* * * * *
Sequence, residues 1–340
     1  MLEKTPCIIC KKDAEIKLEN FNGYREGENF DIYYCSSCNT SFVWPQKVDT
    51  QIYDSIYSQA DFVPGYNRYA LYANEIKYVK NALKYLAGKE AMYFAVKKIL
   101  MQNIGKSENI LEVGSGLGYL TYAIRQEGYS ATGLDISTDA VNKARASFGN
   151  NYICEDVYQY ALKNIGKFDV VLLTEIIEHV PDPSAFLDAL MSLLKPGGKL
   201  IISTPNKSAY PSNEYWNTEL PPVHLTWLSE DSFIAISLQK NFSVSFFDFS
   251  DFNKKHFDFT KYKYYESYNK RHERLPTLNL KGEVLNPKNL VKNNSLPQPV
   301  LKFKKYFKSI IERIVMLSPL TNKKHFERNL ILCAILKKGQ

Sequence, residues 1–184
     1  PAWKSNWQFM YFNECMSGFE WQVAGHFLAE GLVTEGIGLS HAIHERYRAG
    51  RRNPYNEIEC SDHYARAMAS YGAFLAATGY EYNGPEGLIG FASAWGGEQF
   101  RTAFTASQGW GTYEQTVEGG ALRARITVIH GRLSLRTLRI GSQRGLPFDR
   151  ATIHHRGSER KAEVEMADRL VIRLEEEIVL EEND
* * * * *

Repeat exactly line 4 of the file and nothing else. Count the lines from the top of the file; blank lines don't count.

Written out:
   101  MQNIGKSENI LEVGSGLGYL TYAIRQEGYS ATGLDISTDA VNKARASFGN